- Increase in taxes: Increase in taxes would lead to increase in revenue, which in turn would reduce the deficit. But increase in taxes is not very popular among the people. One of the big reason for not reducing Petrol prices by Govt is to keep Fiscal deficit in check.
- Reducing government spending: Government can also cover its deficit by reducing the government spending. That can be done by reducing the subsidies or reducing the expenditure on infrastructure etc.
Is fiscal deficit advantageous? It depends upon its use. Fiscal deficit is advantageous to an economy if it creates new capital assets which increase productive capacity and generate future income stream. On the contrary, it is detrimental for the economy if it is used just to cover revenue deficit.
INDIA FISCAL DEFICIT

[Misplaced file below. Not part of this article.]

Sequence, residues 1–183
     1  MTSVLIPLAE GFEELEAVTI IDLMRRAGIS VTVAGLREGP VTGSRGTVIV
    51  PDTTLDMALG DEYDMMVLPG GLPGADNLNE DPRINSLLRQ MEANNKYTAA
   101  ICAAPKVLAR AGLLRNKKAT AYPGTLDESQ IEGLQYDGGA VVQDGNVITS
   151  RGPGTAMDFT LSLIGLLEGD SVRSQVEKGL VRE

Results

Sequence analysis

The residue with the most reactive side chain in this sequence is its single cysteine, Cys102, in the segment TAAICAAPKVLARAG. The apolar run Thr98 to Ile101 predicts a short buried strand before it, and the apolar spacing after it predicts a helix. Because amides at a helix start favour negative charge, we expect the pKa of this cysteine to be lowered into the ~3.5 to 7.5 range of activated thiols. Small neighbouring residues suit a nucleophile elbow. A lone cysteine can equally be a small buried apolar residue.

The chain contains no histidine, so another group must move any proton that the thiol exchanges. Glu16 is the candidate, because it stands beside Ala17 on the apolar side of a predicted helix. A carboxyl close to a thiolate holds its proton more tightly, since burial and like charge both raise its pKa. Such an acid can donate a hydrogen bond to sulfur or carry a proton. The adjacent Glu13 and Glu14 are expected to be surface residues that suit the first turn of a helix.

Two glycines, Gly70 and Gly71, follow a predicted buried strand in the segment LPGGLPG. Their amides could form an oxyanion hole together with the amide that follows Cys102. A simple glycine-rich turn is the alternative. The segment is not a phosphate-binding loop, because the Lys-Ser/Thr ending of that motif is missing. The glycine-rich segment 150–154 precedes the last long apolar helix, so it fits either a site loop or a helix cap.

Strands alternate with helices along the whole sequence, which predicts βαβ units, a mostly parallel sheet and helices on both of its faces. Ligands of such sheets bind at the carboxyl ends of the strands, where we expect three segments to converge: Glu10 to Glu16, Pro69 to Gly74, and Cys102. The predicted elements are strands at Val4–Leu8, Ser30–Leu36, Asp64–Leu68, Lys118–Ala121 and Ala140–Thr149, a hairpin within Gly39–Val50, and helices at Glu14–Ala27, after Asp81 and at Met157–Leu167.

Fiscal deficit of India is calculated as a percentage of GDP. The government has decided to manage Fiscal deficit at 3.2% of GDP in 2017-18.
Finance Minister had projected the fiscal deficit target at 3.3 per cent of GDP for the financial year 2018-19. In the last 5 years, the fiscal deficit of India has reduced. It means the government has cut government expenditure or the revenue has increased.
Fiscal deficit reflects the borrowing requirements of the government for financing the expenditure inclusive of interest payments. As against it, primary deficit shows the borrowing requirements of the government including interest payment for meeting expenditure. Thus, if primary deficit is zero, then fiscal deficit is equal to interest payment. Then it is not adding to the existing loan.
Thus, primary deficit is a narrower concept and a part of fiscal deficit because the latter also includes interest payment. It is generally used as a basic measure of fiscal irresponsibility. The difference between fiscal deficit and primary deficit reflects the amount of interest payments on public debt incurred in the past. Thus, a lower or zero primary deficits means that while its interest commitments on earlier loans have forced the government to borrow, it has realised the need to tighten its belt.